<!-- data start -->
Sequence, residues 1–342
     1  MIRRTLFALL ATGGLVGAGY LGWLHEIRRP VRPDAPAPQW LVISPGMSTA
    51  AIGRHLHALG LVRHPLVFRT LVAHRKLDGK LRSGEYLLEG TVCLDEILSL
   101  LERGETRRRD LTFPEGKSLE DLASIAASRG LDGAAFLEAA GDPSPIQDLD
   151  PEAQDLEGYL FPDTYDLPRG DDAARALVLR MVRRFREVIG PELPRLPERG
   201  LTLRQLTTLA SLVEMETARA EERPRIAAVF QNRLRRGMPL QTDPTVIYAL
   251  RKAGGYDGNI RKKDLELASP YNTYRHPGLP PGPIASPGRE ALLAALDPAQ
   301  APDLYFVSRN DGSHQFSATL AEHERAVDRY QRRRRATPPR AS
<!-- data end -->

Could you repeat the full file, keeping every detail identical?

Sequence, residues 1–342
     1  MIRRTLFALL ATGGLVGAGY LGWLHEIRRP VRPDAPAPQW LVISPGMSTA
    51  AIGRHLHALG LVRHPLVFRT LVAHRKLDGK LRSGEYLLEG TVCLDEILSL
   101  LERGETRRRD LTFPEGKSLE DLASIAASRG LDGAAFLEAA GDPSPIQDLD
   151  PEAQDLEGYL FPDTYDLPRG DDAARALVLR MVRRFREVIG PELPRLPERG
   201  LTLRQLTTLA SLVEMETARA EERPRIAAVF QNRLRRGMPL QTDPTVIYAL
   251  RKAGGYDGNI RKKDLELASP YNTYRHPGLP PGPIASPGRE ALLAALDPAQ
   301  APDLYFVSRN DGSHQFSATL AEHERAVDRY QRRRRATPPR AS